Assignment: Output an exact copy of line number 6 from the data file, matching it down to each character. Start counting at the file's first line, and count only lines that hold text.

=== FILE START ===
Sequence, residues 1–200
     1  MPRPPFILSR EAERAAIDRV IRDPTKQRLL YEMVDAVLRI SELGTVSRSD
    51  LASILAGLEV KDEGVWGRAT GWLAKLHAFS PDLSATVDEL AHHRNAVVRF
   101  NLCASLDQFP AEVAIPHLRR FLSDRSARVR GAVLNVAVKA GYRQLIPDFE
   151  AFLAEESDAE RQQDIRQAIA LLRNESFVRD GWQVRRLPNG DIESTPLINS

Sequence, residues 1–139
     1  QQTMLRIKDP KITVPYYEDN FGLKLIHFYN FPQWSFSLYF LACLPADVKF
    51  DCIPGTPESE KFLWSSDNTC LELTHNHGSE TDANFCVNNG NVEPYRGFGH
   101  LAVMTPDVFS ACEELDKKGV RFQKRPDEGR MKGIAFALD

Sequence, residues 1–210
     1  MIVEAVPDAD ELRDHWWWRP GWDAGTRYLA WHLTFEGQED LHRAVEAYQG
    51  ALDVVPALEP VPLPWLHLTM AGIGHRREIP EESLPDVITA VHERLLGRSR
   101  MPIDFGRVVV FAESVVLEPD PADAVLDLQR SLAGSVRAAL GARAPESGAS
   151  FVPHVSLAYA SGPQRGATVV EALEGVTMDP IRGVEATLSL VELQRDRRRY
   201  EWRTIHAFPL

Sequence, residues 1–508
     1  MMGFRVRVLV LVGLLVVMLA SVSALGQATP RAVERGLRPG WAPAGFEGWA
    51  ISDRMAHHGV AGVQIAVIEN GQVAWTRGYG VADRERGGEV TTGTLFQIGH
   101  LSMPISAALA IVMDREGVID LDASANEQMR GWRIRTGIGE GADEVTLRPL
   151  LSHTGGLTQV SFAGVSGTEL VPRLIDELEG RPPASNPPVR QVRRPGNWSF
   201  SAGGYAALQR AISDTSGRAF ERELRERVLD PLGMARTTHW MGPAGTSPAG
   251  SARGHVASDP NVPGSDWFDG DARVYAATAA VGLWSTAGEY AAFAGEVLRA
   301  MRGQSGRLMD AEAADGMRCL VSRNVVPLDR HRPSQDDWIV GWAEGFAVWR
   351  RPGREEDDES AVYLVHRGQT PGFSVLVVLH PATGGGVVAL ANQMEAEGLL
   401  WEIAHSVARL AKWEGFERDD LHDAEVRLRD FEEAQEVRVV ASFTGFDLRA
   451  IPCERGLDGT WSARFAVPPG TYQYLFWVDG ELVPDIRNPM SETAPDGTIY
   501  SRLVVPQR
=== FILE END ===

Sequence, residues 1–139